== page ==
2008-09 Catalog

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Program Description

Computability and Language Theory

Revised Last Updated: 02/06/2009

Fall, Winter and Spring quarters

Faculty: Sheryl Shulman computer science

Faculty Signature Required: Interested students should contact Sherri Shulman, at sherri@evergreen.edu or 360-867-6721, or at the academic fair to obtain a signature. Qualified students will be accepted until the program fills.

Major areas of study include mathematical logic, formal language theory, computability theory and programming language design. Upper division credit will be awarded for upper division work.

Class Standing: Sophomores or above; transfer students welcome.

Accepts Spring Enrollment: This program will accept new students who are qualified to work on an independent project and have a background in formal languages and logic. Interested students should contact the faculty.

Prerequisites: Students should know at least one programming language before entering the program and have the equivalent of Computer Science Foundations. For transfer students, preparatory coursework should include one full year of programming, Discrete Mathematics, Data Structures, and/or Computer Architecture. Students with a strong mathematical background and interest in formal computer science will also be considered. If you have questions about prerequisites, please contact Sherri Shulman (sherri@evergreen.edu).

The computer is a tremendously useful tool. Is there anything it can't do? By studying topics in advanced computer science, this program will explore what computers can do, how we get them to do it, and what computers still can't do. This program is designed for advanced computer science students and students with an interest in both mathematics and computer science.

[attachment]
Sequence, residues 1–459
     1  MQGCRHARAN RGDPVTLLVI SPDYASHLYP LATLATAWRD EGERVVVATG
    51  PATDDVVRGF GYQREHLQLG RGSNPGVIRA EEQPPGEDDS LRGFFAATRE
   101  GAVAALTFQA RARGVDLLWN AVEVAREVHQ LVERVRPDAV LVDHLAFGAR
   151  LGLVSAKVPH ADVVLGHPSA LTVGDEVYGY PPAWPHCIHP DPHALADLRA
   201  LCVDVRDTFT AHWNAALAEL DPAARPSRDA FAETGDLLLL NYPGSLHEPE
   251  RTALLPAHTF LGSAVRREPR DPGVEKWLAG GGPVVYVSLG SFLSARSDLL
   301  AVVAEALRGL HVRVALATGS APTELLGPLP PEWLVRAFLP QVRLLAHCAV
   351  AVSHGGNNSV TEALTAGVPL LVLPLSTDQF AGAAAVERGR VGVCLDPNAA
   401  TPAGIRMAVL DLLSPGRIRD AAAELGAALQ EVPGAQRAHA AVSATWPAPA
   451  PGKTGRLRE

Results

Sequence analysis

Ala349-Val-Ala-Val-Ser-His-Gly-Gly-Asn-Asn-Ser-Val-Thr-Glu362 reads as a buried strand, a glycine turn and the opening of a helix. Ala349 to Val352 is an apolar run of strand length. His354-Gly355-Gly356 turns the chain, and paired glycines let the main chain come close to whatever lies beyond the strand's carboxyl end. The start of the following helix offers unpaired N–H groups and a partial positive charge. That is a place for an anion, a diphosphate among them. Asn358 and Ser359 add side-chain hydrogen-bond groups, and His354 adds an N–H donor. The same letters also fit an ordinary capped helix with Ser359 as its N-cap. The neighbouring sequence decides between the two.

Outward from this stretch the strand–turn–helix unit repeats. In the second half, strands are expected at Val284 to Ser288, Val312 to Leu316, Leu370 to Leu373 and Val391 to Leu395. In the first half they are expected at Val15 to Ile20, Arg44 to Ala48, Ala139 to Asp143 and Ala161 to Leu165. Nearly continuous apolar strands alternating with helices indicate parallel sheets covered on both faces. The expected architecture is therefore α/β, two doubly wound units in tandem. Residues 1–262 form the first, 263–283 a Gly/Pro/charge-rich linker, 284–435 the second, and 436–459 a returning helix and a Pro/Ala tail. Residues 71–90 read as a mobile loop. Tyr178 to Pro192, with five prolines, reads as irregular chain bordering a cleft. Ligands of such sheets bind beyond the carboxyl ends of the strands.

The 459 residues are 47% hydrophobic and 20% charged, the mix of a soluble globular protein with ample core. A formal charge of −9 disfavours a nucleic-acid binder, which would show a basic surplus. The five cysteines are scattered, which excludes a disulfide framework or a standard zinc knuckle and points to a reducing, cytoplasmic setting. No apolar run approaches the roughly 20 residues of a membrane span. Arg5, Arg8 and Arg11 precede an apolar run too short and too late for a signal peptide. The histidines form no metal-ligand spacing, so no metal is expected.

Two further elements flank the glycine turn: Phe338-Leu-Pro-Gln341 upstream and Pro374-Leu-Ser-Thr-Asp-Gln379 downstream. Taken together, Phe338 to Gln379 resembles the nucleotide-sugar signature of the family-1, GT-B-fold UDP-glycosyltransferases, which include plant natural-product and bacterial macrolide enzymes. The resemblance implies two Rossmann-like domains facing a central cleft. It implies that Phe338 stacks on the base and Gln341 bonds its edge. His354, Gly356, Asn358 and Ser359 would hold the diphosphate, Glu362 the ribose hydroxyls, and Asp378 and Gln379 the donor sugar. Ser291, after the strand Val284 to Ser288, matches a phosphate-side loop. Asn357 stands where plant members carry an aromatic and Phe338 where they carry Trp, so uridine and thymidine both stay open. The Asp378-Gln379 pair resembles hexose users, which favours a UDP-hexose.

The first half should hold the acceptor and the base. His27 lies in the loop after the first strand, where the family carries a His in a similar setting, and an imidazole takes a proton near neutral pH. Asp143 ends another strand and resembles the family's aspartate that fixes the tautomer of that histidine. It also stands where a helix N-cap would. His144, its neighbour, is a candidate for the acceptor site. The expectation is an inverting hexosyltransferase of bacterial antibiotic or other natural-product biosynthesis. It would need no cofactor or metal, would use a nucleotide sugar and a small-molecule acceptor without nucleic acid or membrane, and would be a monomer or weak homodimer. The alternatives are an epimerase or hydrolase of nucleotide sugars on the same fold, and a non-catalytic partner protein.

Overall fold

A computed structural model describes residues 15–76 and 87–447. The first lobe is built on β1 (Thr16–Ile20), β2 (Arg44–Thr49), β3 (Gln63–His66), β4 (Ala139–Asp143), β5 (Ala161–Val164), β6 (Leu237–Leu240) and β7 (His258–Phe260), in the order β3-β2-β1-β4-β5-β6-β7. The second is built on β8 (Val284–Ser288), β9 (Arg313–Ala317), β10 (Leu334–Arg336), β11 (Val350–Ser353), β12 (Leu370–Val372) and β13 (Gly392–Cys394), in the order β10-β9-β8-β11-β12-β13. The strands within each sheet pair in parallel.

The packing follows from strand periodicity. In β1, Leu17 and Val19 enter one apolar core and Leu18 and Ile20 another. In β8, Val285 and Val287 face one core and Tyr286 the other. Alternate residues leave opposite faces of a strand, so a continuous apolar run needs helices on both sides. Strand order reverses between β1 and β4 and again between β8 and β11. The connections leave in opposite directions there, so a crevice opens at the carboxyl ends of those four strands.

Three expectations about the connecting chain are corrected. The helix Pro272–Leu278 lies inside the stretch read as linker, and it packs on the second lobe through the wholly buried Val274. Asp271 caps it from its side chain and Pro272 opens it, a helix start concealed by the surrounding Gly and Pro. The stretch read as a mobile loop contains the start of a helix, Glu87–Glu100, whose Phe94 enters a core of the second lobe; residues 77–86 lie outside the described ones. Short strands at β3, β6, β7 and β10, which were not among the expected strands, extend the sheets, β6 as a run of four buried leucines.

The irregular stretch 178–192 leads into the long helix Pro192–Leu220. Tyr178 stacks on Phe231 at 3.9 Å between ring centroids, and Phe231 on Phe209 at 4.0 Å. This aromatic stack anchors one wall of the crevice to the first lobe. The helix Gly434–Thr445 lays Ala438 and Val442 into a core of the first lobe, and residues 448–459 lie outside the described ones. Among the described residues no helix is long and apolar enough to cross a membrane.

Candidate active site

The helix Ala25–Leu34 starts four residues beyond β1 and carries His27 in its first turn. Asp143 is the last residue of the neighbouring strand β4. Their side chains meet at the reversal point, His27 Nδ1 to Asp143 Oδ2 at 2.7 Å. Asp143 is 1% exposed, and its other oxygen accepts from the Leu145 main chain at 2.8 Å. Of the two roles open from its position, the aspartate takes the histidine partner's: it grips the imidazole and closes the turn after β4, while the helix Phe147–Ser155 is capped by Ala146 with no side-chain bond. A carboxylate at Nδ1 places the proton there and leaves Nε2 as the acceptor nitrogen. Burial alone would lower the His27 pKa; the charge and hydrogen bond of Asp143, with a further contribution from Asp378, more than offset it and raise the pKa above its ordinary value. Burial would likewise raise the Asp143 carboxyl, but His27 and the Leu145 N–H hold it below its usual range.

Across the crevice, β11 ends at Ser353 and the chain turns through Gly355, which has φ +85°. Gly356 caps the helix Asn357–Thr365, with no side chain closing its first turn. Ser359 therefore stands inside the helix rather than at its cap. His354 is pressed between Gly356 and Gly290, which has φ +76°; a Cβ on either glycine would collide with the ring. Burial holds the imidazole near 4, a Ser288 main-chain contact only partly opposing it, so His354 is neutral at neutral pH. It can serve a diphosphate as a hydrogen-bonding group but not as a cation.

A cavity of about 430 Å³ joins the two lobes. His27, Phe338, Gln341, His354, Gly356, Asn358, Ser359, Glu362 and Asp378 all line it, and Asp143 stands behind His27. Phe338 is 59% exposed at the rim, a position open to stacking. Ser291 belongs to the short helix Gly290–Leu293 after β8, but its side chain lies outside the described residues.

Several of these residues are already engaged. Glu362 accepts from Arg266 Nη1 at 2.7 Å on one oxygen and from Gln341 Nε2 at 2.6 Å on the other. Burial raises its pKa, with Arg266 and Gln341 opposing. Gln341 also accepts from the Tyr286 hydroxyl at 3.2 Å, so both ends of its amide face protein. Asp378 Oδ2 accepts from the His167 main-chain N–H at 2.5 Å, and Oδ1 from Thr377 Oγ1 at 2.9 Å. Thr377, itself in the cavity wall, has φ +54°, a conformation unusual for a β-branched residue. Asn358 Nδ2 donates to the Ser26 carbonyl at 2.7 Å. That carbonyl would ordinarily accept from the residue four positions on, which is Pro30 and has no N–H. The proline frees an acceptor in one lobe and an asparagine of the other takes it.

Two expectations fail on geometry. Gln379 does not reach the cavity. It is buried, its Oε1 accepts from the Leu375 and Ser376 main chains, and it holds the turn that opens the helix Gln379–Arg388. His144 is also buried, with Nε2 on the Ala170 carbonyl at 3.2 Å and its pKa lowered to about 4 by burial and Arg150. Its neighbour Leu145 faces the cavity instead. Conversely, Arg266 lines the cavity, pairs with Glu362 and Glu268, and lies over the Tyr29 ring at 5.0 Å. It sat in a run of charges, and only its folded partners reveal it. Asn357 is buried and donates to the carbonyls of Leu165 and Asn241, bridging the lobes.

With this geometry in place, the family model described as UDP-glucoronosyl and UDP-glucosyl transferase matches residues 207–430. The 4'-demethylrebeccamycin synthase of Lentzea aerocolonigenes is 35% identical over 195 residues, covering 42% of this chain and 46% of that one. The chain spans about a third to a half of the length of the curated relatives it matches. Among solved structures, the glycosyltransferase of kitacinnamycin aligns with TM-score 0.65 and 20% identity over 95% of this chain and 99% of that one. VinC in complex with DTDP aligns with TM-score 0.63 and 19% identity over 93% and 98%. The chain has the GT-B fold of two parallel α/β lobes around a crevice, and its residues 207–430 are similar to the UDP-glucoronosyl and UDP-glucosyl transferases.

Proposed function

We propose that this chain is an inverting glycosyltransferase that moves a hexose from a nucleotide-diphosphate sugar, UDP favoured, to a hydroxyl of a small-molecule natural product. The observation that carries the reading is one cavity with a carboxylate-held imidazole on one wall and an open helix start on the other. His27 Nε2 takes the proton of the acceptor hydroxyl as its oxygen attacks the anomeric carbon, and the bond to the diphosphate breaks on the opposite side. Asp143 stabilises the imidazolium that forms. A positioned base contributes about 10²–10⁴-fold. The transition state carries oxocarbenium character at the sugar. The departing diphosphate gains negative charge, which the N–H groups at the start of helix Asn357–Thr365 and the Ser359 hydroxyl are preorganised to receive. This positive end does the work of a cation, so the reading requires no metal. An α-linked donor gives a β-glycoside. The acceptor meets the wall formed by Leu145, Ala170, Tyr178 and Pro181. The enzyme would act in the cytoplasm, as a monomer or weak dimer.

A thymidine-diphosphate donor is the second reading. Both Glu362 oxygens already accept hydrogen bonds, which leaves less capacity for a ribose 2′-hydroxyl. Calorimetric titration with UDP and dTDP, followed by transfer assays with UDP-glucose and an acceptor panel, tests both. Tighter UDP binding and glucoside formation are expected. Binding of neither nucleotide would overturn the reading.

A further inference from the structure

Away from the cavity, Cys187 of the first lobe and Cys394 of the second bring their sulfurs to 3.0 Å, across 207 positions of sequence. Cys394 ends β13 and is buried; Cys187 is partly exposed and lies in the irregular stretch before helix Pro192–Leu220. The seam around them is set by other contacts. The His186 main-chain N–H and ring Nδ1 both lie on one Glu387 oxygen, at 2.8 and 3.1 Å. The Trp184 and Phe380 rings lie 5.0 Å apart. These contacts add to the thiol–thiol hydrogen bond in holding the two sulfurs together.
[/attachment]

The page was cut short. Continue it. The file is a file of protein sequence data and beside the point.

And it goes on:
Topics covered will include formal computer languages, formal logic, computability theory, alternative logic theories and programming language design. Students will also study Curry, a formal language combining both the functional and logic programming paradigms. Students will learn the theoretical basis of programming languages such as Curry. We will also do an in-depth comparison of the properties and capabilities of languages in the four paradigms: functional, logic, imperative, and object-oriented. Program seminars will include current literature on selected topics such as type theory and programming language semantics.

The four threads in this program each span all three quarters. In the Programming Language thread we will study the basis for programming language definitions and compare language definitions from several different paradigms. The thread will conclude with a project completing a full interpretion of a user defined language. The Logic thread will cover traditional logic systems and their limits, and will conclude with some non-traditional logic systems and their applications to computer science. The Formal Language thread will cover the theoretical basis of language definitions, concluding with a study of what is computable. In the fourth thread we will study Curry for the first half of the year, including a study of the theoretical and implementation techniques required. During the second half of the year we will also read technical papers relating to current language design challenges.

Credits: 16 per quarter

Enrollment: 25

Books: www.tescbookstore.com

Program is preparatory for careers and future studies in computer science and mathematics.

Planning Units: Scientific Inquiry

Program Revisions

Date Revision
February 6th, 2009 Spring Enrollment field utilized; signature field updated.